There are so many things to talk about these days, but I don't have the time to start writing long posts on each and every subject, so I've decided to dedicate yet another "periodic blurbs" post to them all.
- Anurag Agarwal started a (blessed) thread on browser security restrictions, in which he suggested a high level solution for vulnerabilities such as XSS and XSRF. After reading this thread, and following some of the links, I've discovered that there is an abundance of suggested solutions for browser insecurities, and it seems to me that a lot of people took a stab at what I believe would be the next evolution/revolution in web security. Now, all we have to do is start nagging to browser and server vendors, to join hands in the war against client-side attacks. If you are interested in "browser security revolution" - check out these links:
- Ivan Ristic (Mod Security) proposed what I think is the most holistic and promising solution for browser security. He even gave it a TLA, calling it SBM (Secure Browsing Mode). You can't beat that.
- Ivan's work references Gervase Markham's article called Content Restrictions - which I believe is probably the best solution around. This is a must-read article!
- While researching the subject, I stumbled upon a very interesting research paper called "Defending against Injection Attacks through Context-Sensitive String Evaluation". The paper was written by two IBM researchers (go IBM!), Tadeusz Pietraszek and Chris Vanden Berghe, The paper describes an approach for defending against injection attacks such as XSS, SQL Injections, Shell command injections, etc. by addressing the root cause of these attacks - ad-hoc serialization of user provided input. Definitely worth reading.
- PDP shares his own (pessimistic) thoughts on the subject of browser security. Here are a few quotes to wet your appetite:
So yes, we can setup a policy but it will never take off. First of all standardization bodies needs to except it. Then browsers have to implement it and we have a browser war going on at the moment. No developer will implement a standard that is not widely adopted.
IMHO we need to look at security personalization options within the browsers rather then inventing new standards that may crash and burn like they’ve done so far.
Let’s get back to the question about CSRF. You can’t stop CSRF. This is it! The technology does what it is supposed to do. I see how some policies can be used for good, for example in situations where attackers are after your router through some sort of CSRF attack, but again, I seriously doubt that something like what Anurag has proposed will ever work. For sure it will improve the situation security wise in certain areas but at the same time will make Web technologies rather inflexible which is something that developers hate. I don’t think that people like crossdomain.xml either, and this is the reason why most sites allow everyone to connect to their stuff, although they probably don’t know about the dangers of doing that.
- Several researchers from the IBM Tokyo research labs (Go IBM!), explain the security issues with today's browsers and propose their own solution for the problem in this very interesting presentation called "Security Model for the Client-Side Web Application Environments"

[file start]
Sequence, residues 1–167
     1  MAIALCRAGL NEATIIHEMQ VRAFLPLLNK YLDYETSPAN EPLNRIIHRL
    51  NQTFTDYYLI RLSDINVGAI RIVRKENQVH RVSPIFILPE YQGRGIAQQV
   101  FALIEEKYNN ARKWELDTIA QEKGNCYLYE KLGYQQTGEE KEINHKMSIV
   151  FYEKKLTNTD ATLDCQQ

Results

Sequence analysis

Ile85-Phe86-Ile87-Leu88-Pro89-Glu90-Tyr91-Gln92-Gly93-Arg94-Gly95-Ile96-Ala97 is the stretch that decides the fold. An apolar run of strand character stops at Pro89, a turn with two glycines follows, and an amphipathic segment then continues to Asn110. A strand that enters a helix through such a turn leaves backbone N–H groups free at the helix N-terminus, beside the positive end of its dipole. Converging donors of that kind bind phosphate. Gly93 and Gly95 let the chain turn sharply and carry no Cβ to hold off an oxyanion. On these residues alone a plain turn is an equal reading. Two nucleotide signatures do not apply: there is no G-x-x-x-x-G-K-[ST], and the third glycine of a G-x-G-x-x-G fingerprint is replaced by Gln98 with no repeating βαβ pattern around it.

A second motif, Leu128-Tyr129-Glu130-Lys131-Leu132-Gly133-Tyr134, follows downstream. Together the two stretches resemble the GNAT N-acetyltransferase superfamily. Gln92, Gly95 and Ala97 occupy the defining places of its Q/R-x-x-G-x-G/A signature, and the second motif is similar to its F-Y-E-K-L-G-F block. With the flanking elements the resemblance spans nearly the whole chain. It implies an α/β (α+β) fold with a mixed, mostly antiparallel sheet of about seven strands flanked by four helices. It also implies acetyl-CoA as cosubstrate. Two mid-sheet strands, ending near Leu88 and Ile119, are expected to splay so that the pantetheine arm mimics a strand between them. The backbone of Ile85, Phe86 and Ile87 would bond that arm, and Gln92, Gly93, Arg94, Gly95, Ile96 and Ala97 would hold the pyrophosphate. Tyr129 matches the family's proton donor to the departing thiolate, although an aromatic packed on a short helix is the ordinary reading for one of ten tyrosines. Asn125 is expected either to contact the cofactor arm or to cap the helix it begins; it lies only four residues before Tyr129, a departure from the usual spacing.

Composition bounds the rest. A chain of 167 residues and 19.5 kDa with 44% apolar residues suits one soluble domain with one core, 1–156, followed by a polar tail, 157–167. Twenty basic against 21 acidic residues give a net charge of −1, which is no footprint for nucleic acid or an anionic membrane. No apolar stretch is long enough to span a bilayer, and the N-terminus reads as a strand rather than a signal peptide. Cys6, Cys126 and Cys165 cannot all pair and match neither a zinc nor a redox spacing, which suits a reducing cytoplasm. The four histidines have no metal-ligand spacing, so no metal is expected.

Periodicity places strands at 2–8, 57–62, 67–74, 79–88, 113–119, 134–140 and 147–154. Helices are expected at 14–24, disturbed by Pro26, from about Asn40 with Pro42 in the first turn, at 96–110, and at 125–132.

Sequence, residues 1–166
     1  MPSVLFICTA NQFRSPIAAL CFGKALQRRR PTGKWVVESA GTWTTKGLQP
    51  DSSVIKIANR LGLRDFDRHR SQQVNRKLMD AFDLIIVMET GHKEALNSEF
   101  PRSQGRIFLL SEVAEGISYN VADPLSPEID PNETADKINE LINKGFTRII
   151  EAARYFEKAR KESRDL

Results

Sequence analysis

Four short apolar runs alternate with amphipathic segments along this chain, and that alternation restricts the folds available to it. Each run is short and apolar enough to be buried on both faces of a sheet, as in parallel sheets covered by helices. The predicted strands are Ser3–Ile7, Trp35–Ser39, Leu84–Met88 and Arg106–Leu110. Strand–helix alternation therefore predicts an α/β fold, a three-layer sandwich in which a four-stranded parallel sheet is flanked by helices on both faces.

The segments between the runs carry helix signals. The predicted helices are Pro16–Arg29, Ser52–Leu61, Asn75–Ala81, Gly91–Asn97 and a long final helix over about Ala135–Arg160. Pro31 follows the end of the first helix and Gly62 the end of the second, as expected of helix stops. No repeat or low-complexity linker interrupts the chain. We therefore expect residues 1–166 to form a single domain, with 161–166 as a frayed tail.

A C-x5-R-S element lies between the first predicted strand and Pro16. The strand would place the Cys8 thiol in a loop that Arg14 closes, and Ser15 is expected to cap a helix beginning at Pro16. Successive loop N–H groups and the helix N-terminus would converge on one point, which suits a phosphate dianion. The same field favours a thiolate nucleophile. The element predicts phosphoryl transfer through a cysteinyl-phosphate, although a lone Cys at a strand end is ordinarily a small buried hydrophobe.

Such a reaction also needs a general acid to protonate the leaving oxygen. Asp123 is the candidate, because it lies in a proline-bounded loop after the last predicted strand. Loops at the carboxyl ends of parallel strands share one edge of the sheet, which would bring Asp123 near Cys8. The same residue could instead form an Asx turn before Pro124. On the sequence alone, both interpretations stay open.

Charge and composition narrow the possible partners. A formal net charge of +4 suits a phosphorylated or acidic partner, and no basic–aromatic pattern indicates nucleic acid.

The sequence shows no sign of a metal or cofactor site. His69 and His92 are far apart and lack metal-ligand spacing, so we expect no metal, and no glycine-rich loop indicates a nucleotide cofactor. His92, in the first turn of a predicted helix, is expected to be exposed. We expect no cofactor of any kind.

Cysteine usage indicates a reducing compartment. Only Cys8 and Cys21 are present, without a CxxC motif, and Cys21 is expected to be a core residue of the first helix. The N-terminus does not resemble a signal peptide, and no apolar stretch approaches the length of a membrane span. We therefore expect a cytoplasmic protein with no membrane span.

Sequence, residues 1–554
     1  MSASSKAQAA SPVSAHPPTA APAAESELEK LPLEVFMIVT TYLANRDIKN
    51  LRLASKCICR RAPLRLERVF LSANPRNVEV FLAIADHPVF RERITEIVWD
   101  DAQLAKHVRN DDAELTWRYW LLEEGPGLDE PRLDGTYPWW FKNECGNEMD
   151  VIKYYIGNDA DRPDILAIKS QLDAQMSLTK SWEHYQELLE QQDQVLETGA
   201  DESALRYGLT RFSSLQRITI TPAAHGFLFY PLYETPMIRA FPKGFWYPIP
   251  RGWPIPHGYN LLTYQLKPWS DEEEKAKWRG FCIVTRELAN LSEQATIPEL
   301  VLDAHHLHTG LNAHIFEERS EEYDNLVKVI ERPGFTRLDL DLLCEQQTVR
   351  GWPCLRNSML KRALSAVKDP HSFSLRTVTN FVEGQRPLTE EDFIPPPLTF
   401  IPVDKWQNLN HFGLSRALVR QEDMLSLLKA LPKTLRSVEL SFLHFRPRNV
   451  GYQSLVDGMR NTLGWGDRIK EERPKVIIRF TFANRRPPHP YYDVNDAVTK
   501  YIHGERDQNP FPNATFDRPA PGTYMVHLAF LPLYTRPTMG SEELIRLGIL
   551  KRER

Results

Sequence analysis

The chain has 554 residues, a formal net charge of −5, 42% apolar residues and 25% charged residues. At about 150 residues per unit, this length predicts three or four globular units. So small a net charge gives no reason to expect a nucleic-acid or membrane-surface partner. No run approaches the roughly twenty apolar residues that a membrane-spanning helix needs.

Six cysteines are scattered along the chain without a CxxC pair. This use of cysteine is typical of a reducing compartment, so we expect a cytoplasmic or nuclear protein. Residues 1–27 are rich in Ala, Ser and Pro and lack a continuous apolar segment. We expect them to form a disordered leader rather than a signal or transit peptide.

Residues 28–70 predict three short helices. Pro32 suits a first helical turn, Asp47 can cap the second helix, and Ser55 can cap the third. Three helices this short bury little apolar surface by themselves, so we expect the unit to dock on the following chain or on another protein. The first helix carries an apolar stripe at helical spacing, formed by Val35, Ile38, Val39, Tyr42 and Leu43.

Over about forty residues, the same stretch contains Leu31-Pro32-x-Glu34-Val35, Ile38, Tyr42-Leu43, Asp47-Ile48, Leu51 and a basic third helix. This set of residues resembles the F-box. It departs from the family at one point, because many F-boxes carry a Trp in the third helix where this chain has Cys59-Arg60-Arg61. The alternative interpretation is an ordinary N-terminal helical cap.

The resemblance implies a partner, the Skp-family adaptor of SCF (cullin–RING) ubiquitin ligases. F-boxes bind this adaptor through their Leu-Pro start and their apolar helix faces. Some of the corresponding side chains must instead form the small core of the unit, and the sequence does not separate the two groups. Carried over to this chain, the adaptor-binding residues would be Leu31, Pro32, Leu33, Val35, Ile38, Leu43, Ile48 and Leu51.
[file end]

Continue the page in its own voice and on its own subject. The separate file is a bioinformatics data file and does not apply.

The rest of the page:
- [Trash Alert] The soap opera mentioned above, reminded me that some people in this industry really don't have any class or style. You see, some players in the web application security market are finding it hard to sell their products by presenting their own products' virtues and benefits, so they use the tactics of leeching on to their competition (usually using FUD), and in some cases, I believe they cross the line. BTW, the same competitor that was mentioned above, actually uses the Watchfire & SPIDynamics logos on their own web site - how desperate can you get to actually incorporate your competitors' logo in your own ad?!?!
- While I am on the subject of "security wars", it seems to me that the web security market is so ripe (and hence, loaded emotionally), that people have completely lost their heads. Instead of joining hands and cooperating to educate the market, they prefer getting at each other's throats, over and over again. For crying out loud, we should all be saying the same thing -- Being secure is not about using whitebox or blackbox technologies, it's not about using a hosted service, or an application firewall, and it will certainly not come if you only use an automated scanner -- like anything else in the software world, security is all about perception, process, and methodology. If you want to secure your applications, make sure that you (and your development & QA teams) know what the actual problem is, that you have a process for eliminating security issues from the project inception phase, and up until the application goes GA (and even further). You have to implement a security process throughout your entire development lifecycle, using more than a single solution or product.
This industry needs to preach for a holistic approach to web application security, to encourage end users to use multiple solutions, tailored together for a complete solution instead of turning against its own members, in what oftentimes looks like a farce.
That's it for now.